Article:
Yes, a good performance is expected here. But you may be asked to deliver great, persuasive results in venues of every size.

Yes, a good performance is expected here. But you may be asked to deliver great, persuasive results in venues of every size.

How many of us have had the pleasure to stand on stage and perform?

Pretty much all of us, if we understand that to include appearing in court, before a board or commission—or even before a community organization.

“Perform” may not be a word you’re comfortable using in regard to your own presentation. But thinking of it that way may have a freeing influence on the results you get—and it may lead to more satisfaction in you and your listeners. And maybe in your clients.

I was thinking of this because this Friday, a State Bar educational seminar features Marc Bauman as a faculty member. Among other things, he is an instructor and consultant who heads up Bauman Trial Consulting LLC.

His seminar is titled “Persuasion Arts in Action,” and a few things distinguish it from the mass of learning opportunities.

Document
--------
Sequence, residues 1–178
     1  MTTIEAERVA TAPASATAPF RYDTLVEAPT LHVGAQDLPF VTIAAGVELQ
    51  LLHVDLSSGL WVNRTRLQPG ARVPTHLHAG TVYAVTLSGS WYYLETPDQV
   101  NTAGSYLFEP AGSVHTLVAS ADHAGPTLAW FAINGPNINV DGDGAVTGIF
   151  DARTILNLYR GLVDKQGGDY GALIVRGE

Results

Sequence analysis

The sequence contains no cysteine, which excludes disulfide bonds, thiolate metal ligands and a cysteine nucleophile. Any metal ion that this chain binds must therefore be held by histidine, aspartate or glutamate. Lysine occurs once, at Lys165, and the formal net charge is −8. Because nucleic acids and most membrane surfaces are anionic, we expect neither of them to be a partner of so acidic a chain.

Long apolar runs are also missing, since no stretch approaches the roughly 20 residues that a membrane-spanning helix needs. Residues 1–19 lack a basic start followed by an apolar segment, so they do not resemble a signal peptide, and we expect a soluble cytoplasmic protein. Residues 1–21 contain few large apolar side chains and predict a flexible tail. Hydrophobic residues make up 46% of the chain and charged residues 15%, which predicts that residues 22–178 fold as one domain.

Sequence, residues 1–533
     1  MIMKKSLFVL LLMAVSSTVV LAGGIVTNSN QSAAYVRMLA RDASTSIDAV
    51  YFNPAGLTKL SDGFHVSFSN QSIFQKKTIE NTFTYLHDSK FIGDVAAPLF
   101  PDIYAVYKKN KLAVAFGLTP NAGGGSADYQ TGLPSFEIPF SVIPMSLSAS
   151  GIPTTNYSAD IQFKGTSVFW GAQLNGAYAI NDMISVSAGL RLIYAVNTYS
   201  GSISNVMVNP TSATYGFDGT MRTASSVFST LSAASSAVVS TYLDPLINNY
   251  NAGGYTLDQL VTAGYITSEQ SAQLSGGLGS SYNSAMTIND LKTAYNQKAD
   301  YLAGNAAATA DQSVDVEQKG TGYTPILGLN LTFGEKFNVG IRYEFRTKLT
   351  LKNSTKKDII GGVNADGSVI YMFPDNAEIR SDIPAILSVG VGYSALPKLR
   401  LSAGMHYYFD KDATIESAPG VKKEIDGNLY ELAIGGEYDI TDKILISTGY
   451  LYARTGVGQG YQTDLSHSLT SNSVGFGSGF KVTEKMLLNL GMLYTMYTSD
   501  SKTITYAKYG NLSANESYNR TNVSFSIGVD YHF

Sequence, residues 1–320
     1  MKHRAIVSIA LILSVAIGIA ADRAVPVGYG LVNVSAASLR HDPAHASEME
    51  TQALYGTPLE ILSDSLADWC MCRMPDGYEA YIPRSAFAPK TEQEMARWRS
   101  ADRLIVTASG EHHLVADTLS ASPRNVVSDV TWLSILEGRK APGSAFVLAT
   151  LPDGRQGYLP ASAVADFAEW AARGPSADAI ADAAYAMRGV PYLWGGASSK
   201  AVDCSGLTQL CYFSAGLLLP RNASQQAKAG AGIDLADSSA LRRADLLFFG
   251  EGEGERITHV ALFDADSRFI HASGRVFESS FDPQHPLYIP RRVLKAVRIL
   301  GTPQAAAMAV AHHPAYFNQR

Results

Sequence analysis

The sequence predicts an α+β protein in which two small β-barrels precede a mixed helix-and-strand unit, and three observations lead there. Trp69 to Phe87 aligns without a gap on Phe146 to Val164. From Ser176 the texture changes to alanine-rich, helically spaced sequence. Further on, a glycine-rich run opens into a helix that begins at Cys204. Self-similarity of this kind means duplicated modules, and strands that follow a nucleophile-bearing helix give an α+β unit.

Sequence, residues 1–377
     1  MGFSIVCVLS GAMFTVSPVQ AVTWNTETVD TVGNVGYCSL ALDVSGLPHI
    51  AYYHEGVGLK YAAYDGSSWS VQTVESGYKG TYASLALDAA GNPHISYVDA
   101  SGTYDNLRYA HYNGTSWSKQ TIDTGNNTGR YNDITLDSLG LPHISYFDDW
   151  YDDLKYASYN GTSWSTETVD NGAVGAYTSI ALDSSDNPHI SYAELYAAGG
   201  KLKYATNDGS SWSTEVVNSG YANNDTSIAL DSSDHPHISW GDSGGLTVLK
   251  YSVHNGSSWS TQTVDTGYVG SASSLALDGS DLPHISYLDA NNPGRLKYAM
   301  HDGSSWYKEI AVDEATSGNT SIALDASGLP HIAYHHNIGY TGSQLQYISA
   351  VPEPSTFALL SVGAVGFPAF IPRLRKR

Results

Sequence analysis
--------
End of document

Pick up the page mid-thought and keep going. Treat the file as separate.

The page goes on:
First, it’s being taught workshop-style—so attendees will participate. Second, the attendee numbers are being kept low deliberately, to maximize everyone’s experience.

Instructor and trial consultant Marc Bauman

Instructor and trial consultant Marc Bauman

Here’s the link to the event, where you also can register. There may still be openings.

But third: I’ve had the pleasure to speak at length with Marc a few times (this last time at the grand opening of the ASU Beus Center for Law and Society), and I am confident he can help your presentation mojo. He is a great listener, and he knows how to offer compassionate and constructive feedback. His goal is not to make all speakers the same—or to make them him—but to help you become the best advocate for your client.

As Marc describes Friday’s offering: